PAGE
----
MANAMA, Bahrain — Empowered by a six-week-old state of emergency, the Sunni minority government of Bahrain has arrested scores of Shiite women teachers and schoolgirls, held them for days in prison and subjected them to physical and verbal abuse, according to victims, human rights advocates and a former member of parliament.
In the fast-expanding systematic mistreatment of Shiites here, some observers say the red line will be the sexual abuse of women detainees, a step that if taken could provoke violence between the Muslim sects. The security forces appear to be at the brink of crossing it.
At least 150 women have been arrested, and at least 17 remain in custody, according to al-Wefaq, the moderate Shiite political organization that had 18 of its members elected to the 40-member parliament. They quit, however, to protest the current crackdown.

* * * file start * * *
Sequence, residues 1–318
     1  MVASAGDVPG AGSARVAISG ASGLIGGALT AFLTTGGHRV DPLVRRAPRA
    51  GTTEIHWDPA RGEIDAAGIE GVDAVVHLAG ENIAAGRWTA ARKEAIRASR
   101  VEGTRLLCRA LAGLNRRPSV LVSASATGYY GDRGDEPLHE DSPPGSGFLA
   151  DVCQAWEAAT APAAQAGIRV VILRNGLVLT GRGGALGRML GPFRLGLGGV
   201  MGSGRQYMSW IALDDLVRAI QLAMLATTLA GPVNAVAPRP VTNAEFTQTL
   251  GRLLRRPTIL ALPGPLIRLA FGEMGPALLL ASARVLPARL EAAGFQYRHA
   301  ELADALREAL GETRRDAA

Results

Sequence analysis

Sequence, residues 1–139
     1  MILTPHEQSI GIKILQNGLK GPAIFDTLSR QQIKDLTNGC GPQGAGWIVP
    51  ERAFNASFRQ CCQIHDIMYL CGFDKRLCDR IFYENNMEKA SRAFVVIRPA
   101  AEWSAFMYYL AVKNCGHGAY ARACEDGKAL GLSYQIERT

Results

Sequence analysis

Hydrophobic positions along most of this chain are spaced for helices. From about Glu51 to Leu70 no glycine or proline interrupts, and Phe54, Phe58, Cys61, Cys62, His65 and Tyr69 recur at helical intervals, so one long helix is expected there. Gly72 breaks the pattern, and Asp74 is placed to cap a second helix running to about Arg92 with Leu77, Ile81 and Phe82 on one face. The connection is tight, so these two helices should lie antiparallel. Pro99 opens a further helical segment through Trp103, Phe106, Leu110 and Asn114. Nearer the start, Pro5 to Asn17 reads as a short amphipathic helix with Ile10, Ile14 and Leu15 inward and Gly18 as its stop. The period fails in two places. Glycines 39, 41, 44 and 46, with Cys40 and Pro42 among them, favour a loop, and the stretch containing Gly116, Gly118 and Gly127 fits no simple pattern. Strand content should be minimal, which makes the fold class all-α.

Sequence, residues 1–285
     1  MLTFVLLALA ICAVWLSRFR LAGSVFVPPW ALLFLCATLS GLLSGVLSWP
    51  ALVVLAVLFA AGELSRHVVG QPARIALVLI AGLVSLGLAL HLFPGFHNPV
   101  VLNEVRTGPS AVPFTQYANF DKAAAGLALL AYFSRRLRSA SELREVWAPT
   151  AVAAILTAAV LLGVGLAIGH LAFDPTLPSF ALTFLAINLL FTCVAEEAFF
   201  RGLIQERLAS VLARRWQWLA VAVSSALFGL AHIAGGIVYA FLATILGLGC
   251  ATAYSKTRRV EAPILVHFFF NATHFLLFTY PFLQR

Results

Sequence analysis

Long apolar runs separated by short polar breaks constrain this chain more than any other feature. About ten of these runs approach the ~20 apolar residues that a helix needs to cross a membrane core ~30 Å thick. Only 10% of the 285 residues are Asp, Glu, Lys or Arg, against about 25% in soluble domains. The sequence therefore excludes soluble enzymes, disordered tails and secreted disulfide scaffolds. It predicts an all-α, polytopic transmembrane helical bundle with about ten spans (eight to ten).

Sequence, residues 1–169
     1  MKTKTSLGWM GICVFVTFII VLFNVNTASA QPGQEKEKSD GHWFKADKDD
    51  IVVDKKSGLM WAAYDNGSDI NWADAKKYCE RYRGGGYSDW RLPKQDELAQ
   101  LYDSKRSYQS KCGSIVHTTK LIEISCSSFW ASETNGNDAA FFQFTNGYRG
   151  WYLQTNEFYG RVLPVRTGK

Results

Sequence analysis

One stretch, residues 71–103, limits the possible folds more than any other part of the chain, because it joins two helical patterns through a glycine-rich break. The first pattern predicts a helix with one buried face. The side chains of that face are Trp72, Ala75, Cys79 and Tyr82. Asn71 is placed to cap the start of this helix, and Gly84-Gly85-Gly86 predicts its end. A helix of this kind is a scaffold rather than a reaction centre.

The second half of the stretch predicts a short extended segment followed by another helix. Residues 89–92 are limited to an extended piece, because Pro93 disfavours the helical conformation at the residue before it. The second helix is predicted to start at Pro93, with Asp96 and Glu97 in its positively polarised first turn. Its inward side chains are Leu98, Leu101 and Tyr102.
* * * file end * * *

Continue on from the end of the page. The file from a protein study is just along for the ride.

Meanwhile, Bahrain’s king set a fast-track timetable to end martial law-style rule in a bid to display confidence that authorities have smothered a pro-reform uprising, even as rights groups denounce the measures. The announcement to lift emergency rule two weeks early on June 1 came hours after the start of a closed-door trial accusing activists of plotting to overthrow the gulf state’s rulers.